|Cited Patent||Filing date||Publication date||Applicant||Title|
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|US4229039 *||Sep 11, 1978||Oct 21, 1980||Day Frederick Lee||Insert travel chair and method of transporting the handicapped|
|US4640525 *||Dec 19, 1985||Feb 3, 1987||The Boeing Company||Folding wheelchair|
|US4744536 *||Jun 25, 1986||May 17, 1988||Icu Medical, Inc.||Collapsable pole and stand combination|
|Citing Patent||Filing date||Publication date||Applicant||Title|
|US6941595||Dec 22, 2003||Sep 13, 2005||M. Timothy Michael||Apparatus and method for a lift seat|
|US8024824||Aug 23, 2010||Sep 27, 2011||Karl Westermann||Person lifting apparatus and method|
|US20050217025 *||Mar 9, 2005||Oct 6, 2005||Barattia Edward C||Standing frame with lift, support and transport of user|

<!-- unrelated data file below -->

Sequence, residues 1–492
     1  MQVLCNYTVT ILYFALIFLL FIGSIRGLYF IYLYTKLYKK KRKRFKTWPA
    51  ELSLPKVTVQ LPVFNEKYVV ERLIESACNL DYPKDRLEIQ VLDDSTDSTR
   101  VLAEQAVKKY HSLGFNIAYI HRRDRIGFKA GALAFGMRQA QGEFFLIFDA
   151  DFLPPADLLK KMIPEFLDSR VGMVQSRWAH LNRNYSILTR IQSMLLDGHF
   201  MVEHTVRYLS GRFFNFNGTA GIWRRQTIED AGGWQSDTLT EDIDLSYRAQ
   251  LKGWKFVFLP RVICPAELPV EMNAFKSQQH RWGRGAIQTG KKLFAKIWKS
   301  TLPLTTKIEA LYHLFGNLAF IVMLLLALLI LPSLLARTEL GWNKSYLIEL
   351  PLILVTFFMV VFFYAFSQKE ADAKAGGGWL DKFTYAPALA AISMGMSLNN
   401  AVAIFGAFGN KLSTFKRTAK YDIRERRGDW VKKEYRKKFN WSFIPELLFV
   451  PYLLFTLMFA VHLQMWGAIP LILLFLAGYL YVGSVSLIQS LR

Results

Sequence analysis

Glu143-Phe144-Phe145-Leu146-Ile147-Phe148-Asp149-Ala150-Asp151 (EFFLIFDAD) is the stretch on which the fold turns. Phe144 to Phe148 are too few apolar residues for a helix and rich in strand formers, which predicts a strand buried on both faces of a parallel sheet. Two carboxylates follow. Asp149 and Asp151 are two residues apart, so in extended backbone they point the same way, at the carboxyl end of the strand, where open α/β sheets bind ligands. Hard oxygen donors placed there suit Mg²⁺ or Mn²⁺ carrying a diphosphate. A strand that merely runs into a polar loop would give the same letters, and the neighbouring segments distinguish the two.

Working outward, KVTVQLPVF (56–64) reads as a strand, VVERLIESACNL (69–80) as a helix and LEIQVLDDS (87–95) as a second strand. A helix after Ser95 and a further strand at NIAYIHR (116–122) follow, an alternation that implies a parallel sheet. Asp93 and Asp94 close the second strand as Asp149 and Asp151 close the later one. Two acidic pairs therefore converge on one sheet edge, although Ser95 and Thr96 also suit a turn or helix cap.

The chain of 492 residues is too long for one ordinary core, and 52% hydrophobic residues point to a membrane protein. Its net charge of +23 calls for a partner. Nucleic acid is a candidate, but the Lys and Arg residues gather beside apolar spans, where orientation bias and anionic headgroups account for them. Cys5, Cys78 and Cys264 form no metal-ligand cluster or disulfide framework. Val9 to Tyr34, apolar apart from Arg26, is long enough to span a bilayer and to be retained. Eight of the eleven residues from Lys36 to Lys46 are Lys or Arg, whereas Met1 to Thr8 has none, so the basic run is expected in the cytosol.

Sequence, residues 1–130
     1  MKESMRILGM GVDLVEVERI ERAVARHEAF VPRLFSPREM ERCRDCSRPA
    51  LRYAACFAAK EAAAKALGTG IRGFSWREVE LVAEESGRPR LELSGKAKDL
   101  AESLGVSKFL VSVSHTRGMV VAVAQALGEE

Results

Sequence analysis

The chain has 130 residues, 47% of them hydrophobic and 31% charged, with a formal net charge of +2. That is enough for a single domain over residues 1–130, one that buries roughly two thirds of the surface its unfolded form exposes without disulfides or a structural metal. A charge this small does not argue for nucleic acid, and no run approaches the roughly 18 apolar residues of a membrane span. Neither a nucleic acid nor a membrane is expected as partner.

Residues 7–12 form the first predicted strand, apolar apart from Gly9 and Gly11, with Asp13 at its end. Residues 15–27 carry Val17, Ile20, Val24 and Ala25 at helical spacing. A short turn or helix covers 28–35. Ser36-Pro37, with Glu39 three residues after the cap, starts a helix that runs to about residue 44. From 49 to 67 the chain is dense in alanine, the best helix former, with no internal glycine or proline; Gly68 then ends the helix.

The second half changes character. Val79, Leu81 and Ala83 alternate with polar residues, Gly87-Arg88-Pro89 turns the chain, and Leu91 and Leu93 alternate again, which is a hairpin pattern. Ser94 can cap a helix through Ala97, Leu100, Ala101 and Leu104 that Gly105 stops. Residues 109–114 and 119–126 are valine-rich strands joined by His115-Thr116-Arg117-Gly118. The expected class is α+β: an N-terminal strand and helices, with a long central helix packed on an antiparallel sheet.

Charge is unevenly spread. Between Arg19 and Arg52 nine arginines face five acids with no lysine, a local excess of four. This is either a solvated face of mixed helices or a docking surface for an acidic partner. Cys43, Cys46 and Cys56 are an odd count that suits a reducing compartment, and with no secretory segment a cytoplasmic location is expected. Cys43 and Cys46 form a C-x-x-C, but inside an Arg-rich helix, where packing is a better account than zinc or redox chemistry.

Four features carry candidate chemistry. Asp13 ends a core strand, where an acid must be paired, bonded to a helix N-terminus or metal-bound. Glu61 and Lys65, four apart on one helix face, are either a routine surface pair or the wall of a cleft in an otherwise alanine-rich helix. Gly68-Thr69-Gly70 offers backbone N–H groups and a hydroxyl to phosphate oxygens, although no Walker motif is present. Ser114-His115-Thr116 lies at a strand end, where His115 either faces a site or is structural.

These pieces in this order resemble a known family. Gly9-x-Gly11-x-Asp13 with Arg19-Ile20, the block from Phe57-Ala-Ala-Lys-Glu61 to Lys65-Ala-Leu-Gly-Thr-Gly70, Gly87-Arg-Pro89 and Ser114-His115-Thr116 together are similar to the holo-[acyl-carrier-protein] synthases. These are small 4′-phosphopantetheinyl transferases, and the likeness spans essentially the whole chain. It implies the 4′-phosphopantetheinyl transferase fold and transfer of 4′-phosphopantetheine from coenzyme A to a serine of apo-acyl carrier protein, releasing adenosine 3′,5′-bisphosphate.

|US20060186710 *||Feb 6, 2006||Aug 24, 2006||Inalfa Roof Systems Group B.V.||Motion assembly and open roof assembly provided therewith|
|U.S. Classification||297/217.1, 297/354.1, 5/86.1, 297/DIG.10, 297/378.1, 297/183.1, 297/130, 297/183.8|
|Cooperative Classification||Y10S297/10, A61G7/1074, A61G7/1046, A61G7/1017, A61G7/1053, A61G2200/34, A61G7/1076, A61G7/1007, A61G7/1011|
|European Classification||A61G7/10S6, A61G7/10Z2, A61G7/10A10, A61G7/10T4, A61G7/10N4|
|Dec 7, 1998||FPAY||Fee payment|
Year of fee payment: 4
|Jun 18, 2002||FPAY||Fee payment|
Year of fee payment: 8
|Dec 20, 2006||REMI||Maintenance fee reminder mailed|
|Jun 6, 2007||LAPS||Lapse for failure to pay maintenance fees|
|Jul 24, 2007||FP||Expired due to failure to pay maintenance fee|
Effective date: 20070606